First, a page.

Featured Research

from universities, journals, and other organizations

Relationships improve your odds of survival by 50 percent, research finds

Date:
July 28, 2010
Source:
Brigham Young University
Summary:
In a new study, researchers report that social connections -- friends, family, neighbors or colleagues -- improve our odds of survival by 50 percent.

A new Brigham Young University study adds our social relationships to the "short list" of factors that predict a person's odds of living or dying.

In the journal PLoS Medicine, BYU professors Julianne Holt-Lunstad and Timothy Smith report that social connections -- friends, family, neighbors or colleagues -- improve our odds of survival by 50 percent. Here is how low social interaction compares to more well-known risk factors:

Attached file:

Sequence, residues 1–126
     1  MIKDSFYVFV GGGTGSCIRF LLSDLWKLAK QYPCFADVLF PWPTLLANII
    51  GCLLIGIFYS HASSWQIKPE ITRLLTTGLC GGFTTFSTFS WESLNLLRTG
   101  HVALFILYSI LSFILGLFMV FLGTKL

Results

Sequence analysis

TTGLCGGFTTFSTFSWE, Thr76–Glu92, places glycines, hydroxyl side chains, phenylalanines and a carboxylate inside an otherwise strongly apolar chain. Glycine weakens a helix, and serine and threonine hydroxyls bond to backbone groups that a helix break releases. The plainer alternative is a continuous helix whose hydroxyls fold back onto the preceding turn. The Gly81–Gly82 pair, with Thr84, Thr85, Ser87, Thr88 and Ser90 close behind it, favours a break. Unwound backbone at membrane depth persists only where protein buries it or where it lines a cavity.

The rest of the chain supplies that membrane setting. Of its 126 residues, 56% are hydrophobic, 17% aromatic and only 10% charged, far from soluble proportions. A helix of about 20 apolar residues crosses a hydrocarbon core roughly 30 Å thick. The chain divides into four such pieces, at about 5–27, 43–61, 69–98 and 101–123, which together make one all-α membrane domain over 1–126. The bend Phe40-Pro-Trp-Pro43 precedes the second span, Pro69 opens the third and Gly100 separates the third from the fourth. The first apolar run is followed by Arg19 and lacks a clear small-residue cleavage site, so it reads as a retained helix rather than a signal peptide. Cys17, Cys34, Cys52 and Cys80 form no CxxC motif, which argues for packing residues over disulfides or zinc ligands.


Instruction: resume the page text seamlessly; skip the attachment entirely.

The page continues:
• Equivalent to smoking 15 cigarettes a day
  • Equivalent to being an alcoholic
  • More harmful than not exercising
  • Twice as harmful as obesity

"The idea that a lack of social relationships is a risk factor for death is still not widely recognized by health organizations and the public," write the PLoS Medicine editors in a summary of the BYU study and why it was done.

The researchers analyzed data from 148 previously published longitudinal studies that measured frequency of human interaction and tracked health outcomes for a period of seven and a half years on average. Because information on relationship quality was unavailable, the 50 percent increased odds of survival may underestimate the benefit of healthy relationships.